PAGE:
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Avoidant Personality Disorder versus Social Phobia: The Significance of Childhood Neglect

  • Ingeborg Eikenaes ,

    Contributed equally to this work with: Ingeborg Eikenaes, Jens Egeland, Benjamin Hummelen, Theresa Wilberg

    ingeborg.eikenes@siv.no

    Affiliation Department of Group Psychotherapy, Division of Mental Health and Addiction, Vestfold Hospital Trust, Tønsberg, Norway

  • Jens Egeland ,

    Contributed equally to this work with: Ingeborg Eikenaes, Jens Egeland, Benjamin Hummelen, Theresa Wilberg

    Affiliation Department of Research, Division of Mental Health and Addiction, Vestfold Hospital Trust, Tønsberg, Norway

  • Benjamin Hummelen ,

    Contributed equally to this work with: Ingeborg Eikenaes, Jens Egeland, Benjamin Hummelen, Theresa Wilberg

    Affiliation Department of Research and Development, Division of Mental Health and Addiction, Oslo University Hospital, Oslo, Norway

  • Theresa Wilberg

    Contributed equally to this work with: Ingeborg Eikenaes, Jens Egeland, Benjamin Hummelen, Theresa Wilberg

    Affiliation Department for Research and Development, Division of Mental Health and Addiction, Oslo University Hospital, Oslo, Norway

Avoidant Personality Disorder versus Social Phobia: The Significance of Childhood Neglect

  • Ingeborg Eikenaes, 
  • Jens Egeland, 
  • Benjamin Hummelen, 
  • Theresa Wilberg
PLOS
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Correction

15 May 2015: Eikenaes I, Egeland J, Hummelen B, Wilberg T (2015) Correction: Avoidant Personality Disorder versus Social Phobia: The Significance of Childhood Neglect. PLOS ONE 10(5): e0128737. https://doi.org/10.1371/journal.pone.0128737 View correction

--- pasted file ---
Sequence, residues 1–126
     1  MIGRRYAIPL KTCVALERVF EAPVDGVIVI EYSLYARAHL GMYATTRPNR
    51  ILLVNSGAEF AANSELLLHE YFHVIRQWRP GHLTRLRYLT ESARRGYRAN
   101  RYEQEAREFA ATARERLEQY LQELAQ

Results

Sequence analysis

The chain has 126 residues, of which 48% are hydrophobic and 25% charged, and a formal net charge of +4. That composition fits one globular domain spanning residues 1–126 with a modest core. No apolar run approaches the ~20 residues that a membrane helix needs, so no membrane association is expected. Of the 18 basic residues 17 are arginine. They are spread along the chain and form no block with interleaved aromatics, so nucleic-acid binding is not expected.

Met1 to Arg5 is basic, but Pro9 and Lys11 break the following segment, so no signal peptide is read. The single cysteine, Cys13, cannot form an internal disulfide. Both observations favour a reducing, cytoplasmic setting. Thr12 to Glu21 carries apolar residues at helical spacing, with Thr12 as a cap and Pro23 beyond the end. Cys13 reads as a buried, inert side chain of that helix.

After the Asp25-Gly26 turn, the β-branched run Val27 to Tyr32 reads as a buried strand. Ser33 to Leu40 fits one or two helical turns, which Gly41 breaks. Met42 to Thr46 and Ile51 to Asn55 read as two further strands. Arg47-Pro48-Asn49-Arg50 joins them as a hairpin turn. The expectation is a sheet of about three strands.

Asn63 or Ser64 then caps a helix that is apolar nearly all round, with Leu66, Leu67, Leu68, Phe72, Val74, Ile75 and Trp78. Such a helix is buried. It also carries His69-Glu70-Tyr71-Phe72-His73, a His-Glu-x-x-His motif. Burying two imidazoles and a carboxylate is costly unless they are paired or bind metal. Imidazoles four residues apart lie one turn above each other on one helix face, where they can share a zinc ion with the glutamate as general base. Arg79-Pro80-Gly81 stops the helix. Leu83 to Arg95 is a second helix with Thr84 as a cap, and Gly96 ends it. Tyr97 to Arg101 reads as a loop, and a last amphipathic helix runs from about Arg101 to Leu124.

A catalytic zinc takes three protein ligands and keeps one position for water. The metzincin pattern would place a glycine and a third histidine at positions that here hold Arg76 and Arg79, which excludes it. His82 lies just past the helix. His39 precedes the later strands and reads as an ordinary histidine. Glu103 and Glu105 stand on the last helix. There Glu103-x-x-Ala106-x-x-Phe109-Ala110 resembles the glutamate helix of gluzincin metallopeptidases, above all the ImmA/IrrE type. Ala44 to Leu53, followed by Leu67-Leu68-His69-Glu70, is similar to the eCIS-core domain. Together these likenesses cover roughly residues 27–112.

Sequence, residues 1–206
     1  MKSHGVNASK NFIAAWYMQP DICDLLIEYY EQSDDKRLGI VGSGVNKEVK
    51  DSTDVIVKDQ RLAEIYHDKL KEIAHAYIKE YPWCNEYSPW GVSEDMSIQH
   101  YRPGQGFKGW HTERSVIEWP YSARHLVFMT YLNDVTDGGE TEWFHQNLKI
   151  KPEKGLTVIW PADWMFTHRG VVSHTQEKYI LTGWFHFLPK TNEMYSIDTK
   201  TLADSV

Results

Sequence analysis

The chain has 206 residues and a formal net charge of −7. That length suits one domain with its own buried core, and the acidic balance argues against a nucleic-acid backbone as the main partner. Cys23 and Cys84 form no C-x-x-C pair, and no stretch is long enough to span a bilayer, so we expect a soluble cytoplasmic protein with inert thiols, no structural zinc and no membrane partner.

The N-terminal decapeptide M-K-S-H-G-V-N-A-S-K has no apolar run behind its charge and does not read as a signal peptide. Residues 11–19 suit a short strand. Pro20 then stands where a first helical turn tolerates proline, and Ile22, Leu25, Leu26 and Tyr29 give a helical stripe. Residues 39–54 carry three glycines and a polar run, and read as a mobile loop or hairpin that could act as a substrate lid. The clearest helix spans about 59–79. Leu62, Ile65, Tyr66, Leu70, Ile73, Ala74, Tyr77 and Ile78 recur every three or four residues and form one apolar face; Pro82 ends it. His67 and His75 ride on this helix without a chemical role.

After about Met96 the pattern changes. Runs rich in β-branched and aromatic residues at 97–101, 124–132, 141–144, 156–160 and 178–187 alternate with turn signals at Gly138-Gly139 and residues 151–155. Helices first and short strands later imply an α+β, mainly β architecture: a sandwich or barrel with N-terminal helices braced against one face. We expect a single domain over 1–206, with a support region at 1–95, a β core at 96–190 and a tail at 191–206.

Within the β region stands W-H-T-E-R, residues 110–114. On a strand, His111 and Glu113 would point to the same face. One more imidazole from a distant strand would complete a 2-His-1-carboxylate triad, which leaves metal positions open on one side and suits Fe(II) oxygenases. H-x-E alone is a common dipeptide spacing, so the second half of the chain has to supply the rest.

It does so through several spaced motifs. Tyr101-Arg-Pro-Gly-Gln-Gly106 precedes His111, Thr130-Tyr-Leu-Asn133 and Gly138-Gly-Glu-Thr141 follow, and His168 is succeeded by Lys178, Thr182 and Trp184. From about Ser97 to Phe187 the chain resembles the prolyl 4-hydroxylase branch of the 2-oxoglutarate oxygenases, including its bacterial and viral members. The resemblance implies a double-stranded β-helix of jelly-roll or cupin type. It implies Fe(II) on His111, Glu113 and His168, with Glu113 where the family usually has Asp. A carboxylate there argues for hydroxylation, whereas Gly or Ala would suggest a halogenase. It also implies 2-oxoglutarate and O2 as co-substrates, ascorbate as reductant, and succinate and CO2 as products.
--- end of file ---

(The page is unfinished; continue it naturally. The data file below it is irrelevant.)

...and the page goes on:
Abstract

Objectives

Avoidant personality disorder (AvPD) and social phobia (SP) are common disorders both in the community and in clinical settings. Whether the two disorders represent different severity levels of social anxiety disorder is currently in dispute. The relationship between AvPD and SP is probably more complex than previously assumed. Several environmental, temperamental, and constitutional factors may play a role in the etiology of AvPD and SP. Better knowledge about childhood experiences may shed light on similarities and differences between the two disorders. The aim of this study was to compare self-reported childhood experiences in AvPD and SP patients.

Design

This is a cross-sectional multi-site study of 91 adult patients with AvPD and/ or SP. We compared patients with AvPD with and without SP (AvPD group) to patients with SP without AvPD (SP group).

Methods

The patients were examined using structured diagnostic interviews and self-report measures, including Child Trauma Questionnaire, Parental Bonding Instrument, and Adult Temperament Questionnaire.